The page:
Lappas was born in Cairo. In 1958 his family was forced to leave Egypt and move to Athens, since the Nasser regime was persecuting the Greek population.
He initially studied psychology at Reed College, Portland, USA and worked in several psychiatric institutions as a volunteer. In 1974 he went to India on a T.J. Watson Foundation grant, where he studied the architecture of Indian temples and a year later he moved to London to study architecture at the Architectural Association.
Between 1977 and 1982 he studied sculpture at The School of Fine Arts, Athens under Y. Pappas and G. Nikolaidis. Two years after graduating he continued his art studies at École des Beaux Arts in Paris on a French state scholarship.
His work includes sculpture, construction and installation, usually large scale, exploring the relationship between form and space, as well as the interaction between viewer and artwork. The remodeling of architectural contexts dominates his early installations, where three-dimensional constructs of various materials can be rearranged in different ways, rendering a sense of motion and volatility. This sense is amplified by the role of randomness at play.
His work of the ‘90s was marked by a shift in subject matter, during which time he created his most popular work. This period is characterized by the human figure as subject matter and the use of bright red. The figures whether singular or multiple, are usually life-size, often fragmented or made of assembled parts, making it possible to constantly be reshaped. These constructions, reminiscent of both statues and mechanical devices, challenge the static nature of sculpture with their extensive potential for transformation.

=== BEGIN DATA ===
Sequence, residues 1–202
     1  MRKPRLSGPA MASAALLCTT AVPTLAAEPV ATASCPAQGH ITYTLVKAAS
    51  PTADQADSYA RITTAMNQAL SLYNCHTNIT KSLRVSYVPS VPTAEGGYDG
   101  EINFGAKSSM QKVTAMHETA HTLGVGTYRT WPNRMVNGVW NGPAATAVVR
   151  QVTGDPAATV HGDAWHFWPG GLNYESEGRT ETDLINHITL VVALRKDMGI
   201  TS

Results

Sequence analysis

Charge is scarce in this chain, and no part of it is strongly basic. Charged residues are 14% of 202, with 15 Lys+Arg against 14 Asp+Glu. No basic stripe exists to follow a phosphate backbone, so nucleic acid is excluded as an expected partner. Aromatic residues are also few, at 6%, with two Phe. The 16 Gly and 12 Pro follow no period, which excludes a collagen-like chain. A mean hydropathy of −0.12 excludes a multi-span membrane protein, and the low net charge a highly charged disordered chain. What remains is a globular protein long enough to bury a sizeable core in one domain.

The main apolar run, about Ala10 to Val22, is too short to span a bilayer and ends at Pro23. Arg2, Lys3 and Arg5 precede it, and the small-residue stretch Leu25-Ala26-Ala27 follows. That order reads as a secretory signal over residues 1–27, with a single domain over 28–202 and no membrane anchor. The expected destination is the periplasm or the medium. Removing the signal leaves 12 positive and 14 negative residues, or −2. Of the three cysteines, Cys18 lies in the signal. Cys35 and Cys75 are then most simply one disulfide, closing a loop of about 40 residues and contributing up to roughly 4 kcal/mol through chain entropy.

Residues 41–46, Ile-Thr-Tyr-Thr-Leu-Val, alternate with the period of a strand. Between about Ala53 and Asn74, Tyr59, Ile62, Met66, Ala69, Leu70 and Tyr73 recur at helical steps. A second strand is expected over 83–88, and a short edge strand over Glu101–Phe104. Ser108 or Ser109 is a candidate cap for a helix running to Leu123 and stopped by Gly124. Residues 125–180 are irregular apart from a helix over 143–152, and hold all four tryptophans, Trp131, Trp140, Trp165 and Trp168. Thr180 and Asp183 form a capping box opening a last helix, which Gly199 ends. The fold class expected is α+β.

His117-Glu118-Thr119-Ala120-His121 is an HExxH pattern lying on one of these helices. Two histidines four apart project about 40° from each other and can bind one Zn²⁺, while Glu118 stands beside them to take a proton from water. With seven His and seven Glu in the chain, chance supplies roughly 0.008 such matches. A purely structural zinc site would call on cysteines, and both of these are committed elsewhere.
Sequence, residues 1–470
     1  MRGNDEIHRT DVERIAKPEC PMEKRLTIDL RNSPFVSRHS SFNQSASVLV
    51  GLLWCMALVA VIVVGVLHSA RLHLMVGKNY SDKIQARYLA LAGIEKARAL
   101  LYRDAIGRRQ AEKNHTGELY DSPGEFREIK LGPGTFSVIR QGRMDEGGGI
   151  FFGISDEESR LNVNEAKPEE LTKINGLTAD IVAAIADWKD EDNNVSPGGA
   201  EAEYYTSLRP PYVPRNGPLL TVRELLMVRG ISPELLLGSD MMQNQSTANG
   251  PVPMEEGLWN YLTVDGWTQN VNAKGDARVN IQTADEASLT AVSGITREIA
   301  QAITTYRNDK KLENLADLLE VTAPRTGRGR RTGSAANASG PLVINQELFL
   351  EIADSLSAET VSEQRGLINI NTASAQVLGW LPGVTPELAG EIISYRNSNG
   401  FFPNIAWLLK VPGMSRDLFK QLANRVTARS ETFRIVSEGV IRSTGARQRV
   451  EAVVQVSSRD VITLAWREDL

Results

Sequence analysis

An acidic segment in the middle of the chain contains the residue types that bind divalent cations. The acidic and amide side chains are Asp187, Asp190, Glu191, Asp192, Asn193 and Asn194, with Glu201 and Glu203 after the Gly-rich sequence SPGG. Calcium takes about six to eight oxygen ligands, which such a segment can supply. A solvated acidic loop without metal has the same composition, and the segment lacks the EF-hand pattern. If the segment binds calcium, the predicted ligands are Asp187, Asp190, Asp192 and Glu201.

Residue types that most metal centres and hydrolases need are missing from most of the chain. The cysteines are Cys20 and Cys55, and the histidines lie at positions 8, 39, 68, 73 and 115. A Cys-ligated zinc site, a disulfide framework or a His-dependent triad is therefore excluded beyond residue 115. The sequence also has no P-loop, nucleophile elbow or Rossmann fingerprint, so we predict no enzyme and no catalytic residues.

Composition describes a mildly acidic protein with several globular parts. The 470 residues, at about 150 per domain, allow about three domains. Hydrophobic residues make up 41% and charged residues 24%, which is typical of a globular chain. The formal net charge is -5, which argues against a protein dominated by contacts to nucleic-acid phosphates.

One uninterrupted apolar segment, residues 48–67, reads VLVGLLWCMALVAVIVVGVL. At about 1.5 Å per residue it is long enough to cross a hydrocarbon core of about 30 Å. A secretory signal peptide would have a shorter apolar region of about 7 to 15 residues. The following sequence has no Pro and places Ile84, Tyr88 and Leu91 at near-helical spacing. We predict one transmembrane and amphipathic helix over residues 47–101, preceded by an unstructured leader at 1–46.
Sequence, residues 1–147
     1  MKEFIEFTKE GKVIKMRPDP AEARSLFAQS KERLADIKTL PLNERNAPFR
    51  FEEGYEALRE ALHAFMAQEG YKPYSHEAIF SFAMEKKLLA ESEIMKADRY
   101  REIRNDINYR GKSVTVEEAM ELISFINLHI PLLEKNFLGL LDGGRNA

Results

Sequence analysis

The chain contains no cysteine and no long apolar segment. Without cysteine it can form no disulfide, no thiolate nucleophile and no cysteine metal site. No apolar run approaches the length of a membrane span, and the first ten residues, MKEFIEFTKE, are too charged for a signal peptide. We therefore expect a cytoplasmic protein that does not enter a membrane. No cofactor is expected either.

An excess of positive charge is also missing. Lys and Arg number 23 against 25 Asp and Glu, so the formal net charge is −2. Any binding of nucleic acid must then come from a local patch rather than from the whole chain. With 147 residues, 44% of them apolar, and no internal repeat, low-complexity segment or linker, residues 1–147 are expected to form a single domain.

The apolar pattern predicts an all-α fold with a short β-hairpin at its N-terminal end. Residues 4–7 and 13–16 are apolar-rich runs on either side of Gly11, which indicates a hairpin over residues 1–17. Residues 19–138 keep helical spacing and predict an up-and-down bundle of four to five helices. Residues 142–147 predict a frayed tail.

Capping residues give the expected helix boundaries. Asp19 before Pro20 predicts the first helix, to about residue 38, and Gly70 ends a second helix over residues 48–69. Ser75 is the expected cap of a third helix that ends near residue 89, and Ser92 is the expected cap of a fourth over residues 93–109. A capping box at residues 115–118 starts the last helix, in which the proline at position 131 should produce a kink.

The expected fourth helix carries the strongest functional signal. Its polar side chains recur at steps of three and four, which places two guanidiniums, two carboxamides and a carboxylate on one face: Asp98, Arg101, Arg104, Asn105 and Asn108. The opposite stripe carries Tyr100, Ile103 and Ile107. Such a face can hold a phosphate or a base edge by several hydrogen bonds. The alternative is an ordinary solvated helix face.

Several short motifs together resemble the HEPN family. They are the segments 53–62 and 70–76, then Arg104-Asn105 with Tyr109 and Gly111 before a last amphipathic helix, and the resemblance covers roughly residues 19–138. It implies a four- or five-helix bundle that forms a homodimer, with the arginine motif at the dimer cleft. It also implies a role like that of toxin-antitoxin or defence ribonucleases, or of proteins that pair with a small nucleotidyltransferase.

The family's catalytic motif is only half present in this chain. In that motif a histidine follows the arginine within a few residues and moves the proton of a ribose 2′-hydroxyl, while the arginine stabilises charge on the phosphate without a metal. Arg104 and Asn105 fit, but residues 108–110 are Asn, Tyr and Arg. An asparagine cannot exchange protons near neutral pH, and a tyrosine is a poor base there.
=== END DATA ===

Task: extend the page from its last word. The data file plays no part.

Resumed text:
He held solo exhibitions in Greece and in cities abroad (Glasgow, Florence, Brussels, Munich, New York, etc.). He also participated in numerous group exhibitions in Greece and abroad such as: the 1982 Young Artists Biennale, Paris; the 1982 Europalia, Belgium; the 1987 Biennale of Sao Paulo and in the Aperto at the 1988 Venice Biennale.
He has officially represented Greece twice: at the 1990 Venice Biennale, (together with Y. Bouteas) and at the 1995 1st Biennale of Gwangju, Korea.
His work can be found in many public and private collections in Greece, Cyprus and abroad, notably that of: The National Gallery, Athens and Nicos Pattichis.